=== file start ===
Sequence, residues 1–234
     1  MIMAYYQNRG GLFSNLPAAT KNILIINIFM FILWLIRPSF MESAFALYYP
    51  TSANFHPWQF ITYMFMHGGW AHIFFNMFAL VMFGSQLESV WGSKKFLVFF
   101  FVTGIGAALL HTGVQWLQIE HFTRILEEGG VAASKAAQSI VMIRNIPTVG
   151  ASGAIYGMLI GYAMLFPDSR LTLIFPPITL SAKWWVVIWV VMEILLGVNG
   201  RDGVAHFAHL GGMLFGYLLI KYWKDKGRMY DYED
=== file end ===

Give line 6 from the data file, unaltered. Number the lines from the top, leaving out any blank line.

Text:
   201  RDGVAHFAHL GGMLFGYLLI KYWKDKGRMY DYED